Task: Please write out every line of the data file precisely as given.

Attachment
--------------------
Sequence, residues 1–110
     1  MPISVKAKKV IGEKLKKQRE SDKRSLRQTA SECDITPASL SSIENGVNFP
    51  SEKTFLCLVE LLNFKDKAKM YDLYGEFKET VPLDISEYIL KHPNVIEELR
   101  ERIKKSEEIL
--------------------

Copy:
Sequence, residues 1–110
     1  MPISVKAKKV IGEKLKKQRE SDKRSLRQTA SECDITPASL SSIENGVNFP
    51  SEKTFLCLVE LLNFKDKAKM YDLYGEFKET VPLDISEYIL KHPNVIEELR
   101  ERIKKSEEIL